Instead, it’s a column about us: The millions of us who live in this traffic-choked, humid, hazy, crazy little corner of the world. Those of us who know a thing or two about Southern hospitality – about the importance of picking one another up when everyone else lets us down.
“Hey folks. I’m a trucker stuck on I-285 at exit 60. I have some food and water for anyone close to me. I’ll walk up to a mile or so to help if needed. I don’t have a ton, but I have enough to spare … times like this, we help each other.”
That offer was among the many posts on the newly created Facebook page, SnowedOutAtlanta.
The page, along with other forms of social media, captured the urgency – and generosity – around us.
“I have a friend with her 2-year-old and 4-year-old and mother with diabetes at a truck stop since yesterday afternoon,” one post read. “She cannot get home to Villa Rica. Please help her. Please.”
“School bus 560 is behind me on 285 above Camp Creek and full of kids,” another post read. “Had a bag of oranges in my car I took back to them; not a four-course meal but at least it’s something.”
There was this: “Thank you to everyone. I found my mom!”
And this: “I do not have a vehicle that can successfully get anywhere, or shelter available as I am in campus housing at Georgia Tech. However, I can help in any other way I possibly can. Please message me if there is anything I can do!”
The random acts of kindness were all around us.
Here, at the newspaper office, the chef who runs our cafeteria spent two nights sleeping in our building so that we’d have dinner and a hot breakfast. Our publisher and our editor made sandwiches and helped feed a hungry and weary newsroom. Employees who lived nearby opened their homes to co-workers. One editor spent more than five hours getting back and forth to work – but still found time to make cookies so that we’d have snacks.
Over at the Microtel Inn and Suites near our office, June Cave, the general manager, was heartbroken after telling more than 200 people that the hotel was booked.
“I told a Vietnam veteran that if I had some nails and a hammer I’d build him a room.”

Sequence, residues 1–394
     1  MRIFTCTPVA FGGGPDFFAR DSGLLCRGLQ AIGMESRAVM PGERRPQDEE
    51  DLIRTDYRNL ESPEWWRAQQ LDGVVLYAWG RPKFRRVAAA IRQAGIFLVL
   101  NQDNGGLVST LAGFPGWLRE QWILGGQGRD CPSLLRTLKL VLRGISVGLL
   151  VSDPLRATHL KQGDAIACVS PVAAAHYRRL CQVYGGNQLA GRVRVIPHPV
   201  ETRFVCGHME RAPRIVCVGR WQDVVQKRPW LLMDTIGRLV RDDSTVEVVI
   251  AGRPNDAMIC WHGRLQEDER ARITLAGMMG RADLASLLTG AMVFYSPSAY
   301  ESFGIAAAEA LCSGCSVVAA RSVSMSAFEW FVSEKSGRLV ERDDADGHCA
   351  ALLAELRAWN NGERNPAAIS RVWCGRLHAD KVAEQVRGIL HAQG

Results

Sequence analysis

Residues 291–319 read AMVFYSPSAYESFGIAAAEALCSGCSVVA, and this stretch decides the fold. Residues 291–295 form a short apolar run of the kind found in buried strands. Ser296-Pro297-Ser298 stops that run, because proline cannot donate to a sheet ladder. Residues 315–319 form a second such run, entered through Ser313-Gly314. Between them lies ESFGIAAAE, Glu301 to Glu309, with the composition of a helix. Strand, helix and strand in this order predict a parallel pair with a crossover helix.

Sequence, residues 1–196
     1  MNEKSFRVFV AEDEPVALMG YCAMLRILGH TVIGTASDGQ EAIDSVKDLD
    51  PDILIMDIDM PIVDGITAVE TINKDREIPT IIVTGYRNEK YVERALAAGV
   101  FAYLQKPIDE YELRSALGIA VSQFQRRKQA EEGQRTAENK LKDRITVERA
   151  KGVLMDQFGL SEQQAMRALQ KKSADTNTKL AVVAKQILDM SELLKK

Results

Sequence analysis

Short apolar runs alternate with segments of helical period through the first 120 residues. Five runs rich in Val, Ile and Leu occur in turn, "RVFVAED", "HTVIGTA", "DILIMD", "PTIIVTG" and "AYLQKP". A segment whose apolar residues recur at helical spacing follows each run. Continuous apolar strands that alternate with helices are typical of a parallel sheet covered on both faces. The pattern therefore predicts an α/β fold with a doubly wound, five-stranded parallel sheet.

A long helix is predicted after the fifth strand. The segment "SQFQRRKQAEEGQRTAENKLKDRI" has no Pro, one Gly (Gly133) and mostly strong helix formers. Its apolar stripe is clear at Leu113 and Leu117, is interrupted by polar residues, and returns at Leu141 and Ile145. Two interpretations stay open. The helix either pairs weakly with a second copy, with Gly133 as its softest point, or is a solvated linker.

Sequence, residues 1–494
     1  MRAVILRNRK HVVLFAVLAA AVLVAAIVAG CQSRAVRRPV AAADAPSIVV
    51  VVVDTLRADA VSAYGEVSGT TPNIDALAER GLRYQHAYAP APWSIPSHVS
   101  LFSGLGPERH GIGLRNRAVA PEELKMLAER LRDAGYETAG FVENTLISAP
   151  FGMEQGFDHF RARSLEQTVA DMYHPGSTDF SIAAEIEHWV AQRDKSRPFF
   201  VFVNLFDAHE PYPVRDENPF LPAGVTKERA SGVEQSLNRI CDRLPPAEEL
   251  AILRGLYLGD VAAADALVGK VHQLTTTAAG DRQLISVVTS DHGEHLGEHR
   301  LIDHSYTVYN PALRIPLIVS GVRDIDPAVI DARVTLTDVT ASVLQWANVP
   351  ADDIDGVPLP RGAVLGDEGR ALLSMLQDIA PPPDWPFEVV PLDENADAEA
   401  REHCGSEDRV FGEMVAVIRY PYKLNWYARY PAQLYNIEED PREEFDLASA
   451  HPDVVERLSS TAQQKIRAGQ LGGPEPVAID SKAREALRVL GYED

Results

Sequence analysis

Those with no place to stay were allowed to camp out in the lobby.
“I don’t want them sitting in a car, freezing to death,” Cave told me. “I can’t have that on my conscience!”
Cave and a few other employees braved icy sidewalks to bring back pizzas and bottled water for those who were stranded, hungry and thirsty.
Similar scenes unfolded across the region: Home improvement stores, grocery stores, even drug stores, became hotels of sorts – minus the comfort of a bed, a pillow and wake-up call.
Back outside, the pleas for help continued. And you answered the call.
On our ShoutOut! page – a special feature on AJC.com where Georgians could thank their neighbors – one person wrote: “Thank you to the gentleman who gave me his USMC hoodie so I could wrap it around my 11-month-old son as we walked home.”
Another said: “To all the wonderful staff and residents at Elmcroft Retirement Community in Roswell: Thanks for opening your doors and providing a safe and warm haven for the walking stranded. Your kindness, understanding and hospitality will never be forgotten.”
The gridlock, the frustration and all of the finger-pointing among our elected leaders captured national attention. Our front-page headlines – FROZEN IN PLACE and HOW DID THIS HAPPEN? – became symbols of all that went wrong, and they underscored our commitment to holding our public officials accountable.
Last week, we certainly saw metro Atlanta at its worst.
But we also saw it at its best, and we reflected that in our coverage, too: From the man who handed out peanut butter and jelly sandwiches and hot chocolate to motorists stuck on the Downtown Connector to the Sandy Springs family who took in complete strangers.
One reader summed it up best on our ShoutOut! page:
“This event showed the kindness of strangers in a huge way. Everyone I encountered was kind, patient, smiling and helpful. From the gas station attendants, to people driving beside you, to the hotel clerk who slept in his chair talking to people all night. Amazing show of Southern courtesy and hospitality – and just plain human kindness.”